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updated: 10/14/2010 12:26 PM

Families, veterans gather at WWII reunion

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Have you ever wondered why the "first times in your life create exceptional memories, likely emblazoned in your mind forever? Yet, repeat events become blurred?

My first dog, first haircut, first day of school, first Halloween costume, first job interview, first time voting, first family getaway to see the changing fall colors during Columbus Day Weekend, first day in Naperville, first Daily Herald column in May 1999 the list goes on and on. I remember each event with precise detail.

Whether 50 years ago or yesterday, for me, every first time experience comes with vivid recollection of the weather, my attitude, my attire, my encounters, my feelings and many other first impressions.

I suppose all that's why I enjoy being a writer.

I thrive on every new day that comes with a priceless choice of opportunities to experience for the first time, meeting new people, discovering new things, most times creating excitement for curious me, accompanied by wonder and anticipation.

A recent October weekend was filled with a set of such indelible first-time experiences.

My friend Paul Junkroski Sr., and his family hosted the annual 672nd Amphibian Tractor Battalion Reunion at the Naperville Holiday Inn Select.

A World War II veteran, Junkroski served in the battalion responsible for one of the most notable civilian rescues in history. On Feb. 23, 1945, they liberated 2,147 internees from the Los Banos Japanese Internment Camp in the Philippines.

The weekend in Naperville provided a chance for five members of the battalion, their families and friends to share that common bond that dates to 1945, enhanced by reunions that began in 1965 in Springfield. Ever since, the reunions have rotated, always hosted by a different soldier in his hometown and most often back East.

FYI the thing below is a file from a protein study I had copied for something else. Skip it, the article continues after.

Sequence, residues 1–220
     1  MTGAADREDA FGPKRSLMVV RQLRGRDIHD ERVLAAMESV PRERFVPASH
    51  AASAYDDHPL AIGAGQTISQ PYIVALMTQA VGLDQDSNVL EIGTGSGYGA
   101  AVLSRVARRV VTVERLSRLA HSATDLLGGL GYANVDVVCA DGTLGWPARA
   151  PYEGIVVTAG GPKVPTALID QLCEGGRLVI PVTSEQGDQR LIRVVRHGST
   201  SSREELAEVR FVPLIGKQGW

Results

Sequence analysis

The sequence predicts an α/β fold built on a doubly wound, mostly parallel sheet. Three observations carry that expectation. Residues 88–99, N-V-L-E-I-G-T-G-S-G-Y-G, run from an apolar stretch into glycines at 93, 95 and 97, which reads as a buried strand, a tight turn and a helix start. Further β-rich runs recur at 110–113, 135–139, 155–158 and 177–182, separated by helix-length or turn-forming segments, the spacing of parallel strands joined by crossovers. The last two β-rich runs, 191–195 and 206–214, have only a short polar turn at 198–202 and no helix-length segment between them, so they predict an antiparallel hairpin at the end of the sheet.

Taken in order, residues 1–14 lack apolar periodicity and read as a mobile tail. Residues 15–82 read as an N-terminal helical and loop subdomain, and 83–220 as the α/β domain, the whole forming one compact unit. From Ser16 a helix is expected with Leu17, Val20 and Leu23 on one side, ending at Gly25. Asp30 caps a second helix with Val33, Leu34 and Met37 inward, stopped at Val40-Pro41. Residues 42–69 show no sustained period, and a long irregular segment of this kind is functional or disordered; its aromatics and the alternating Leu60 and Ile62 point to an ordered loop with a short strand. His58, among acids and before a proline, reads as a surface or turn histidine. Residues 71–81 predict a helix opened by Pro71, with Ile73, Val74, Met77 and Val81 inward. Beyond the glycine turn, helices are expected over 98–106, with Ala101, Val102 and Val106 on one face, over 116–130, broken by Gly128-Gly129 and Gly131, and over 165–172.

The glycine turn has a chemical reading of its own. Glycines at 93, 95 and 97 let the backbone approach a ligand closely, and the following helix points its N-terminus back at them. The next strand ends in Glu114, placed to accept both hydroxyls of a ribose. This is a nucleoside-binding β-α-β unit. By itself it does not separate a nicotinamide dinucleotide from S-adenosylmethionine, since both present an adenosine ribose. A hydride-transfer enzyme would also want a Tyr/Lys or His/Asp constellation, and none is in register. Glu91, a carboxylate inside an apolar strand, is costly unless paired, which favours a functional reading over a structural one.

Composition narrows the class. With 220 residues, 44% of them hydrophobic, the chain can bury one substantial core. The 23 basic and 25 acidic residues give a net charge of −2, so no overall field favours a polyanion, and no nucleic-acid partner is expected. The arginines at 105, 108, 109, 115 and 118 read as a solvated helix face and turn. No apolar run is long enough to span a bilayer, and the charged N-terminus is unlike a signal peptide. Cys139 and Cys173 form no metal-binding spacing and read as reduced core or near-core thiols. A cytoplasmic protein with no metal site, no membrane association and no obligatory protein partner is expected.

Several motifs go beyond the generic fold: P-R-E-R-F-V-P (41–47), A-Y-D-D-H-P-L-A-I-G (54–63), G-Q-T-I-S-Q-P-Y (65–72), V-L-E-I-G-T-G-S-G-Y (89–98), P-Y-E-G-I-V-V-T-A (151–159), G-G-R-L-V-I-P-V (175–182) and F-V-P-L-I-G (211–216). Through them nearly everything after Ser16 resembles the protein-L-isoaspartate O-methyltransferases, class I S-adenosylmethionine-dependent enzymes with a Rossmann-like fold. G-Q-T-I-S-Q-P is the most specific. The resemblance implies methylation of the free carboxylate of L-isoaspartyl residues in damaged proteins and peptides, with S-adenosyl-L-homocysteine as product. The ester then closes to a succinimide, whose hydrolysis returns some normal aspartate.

This year's reunion included photos and history displays, live entertainment by Joe Cantafio and a barbershop quartet from the Chorus of DuPage, a visit to Cantigny Park in Wheaton and a banquet.

The battalion also held its annual meeting where members elected to hold its 2011 reunion in Sharon, Pa.

The reunion gave me a chance to take dozens of photos, recording their time in Naperville and at Cantigny. I listened and learned how these brave men saved lives in our world with their service and sacrifices.

Mostly, however, I was impressed that everyone came to this year's reunion to catch up and show their appreciation.

The veterans and their families wanted to see old friends. Folks who had missed a few reunions said they planned to attend as many future reunions as possible.

I was reminded that roughly 16 million men and women served in the U.S. military during World War II and this battalion was just one of the forces that served overseas. Today their numbers are down to a precious few in the 672nd. I was honored to meet these forgiving, loving and generous men who served their country to free others.

Forgotten Victory

For the first time, the Naperville-based Korean War and Cold War Era Ceremony Committee will honor area veterans who served in the Korean War and Cold War era, defined as June 1950 to January 1955.

The tribute titled "America's Forgotten Victory is planned from 2 to 3:30 p.m. this Sunday, Oct. 17, in the Naperville North High School auditorium, 899 N. Mill St.

The Naperville Municipal Band Big Band will perform. Naperville North High School students and other officials will be contributing to ensure a memorable experience for all.

On Monday, organizer Wayne Fischer said 80 veterans already had agreed to attend. By Sunday, he anticipates 100 veterans and their families will be at the ceremony.

"We'll be honoring every veteran with a certificate and a custom commemorative pin, a handsome 1-inch round pin with an American flag in the center surrounded by four military ribbons, Fischer added.

The public is invited.

Families and veterans who served in the Korean War and Cold War era still are welcome to reply at

For information about the ceremony, contact Fischer at (630) 240-8868 or

And for everyone who attends Sunday's tribute to America's Forgotten Victory, it'll be a first-time event to remember.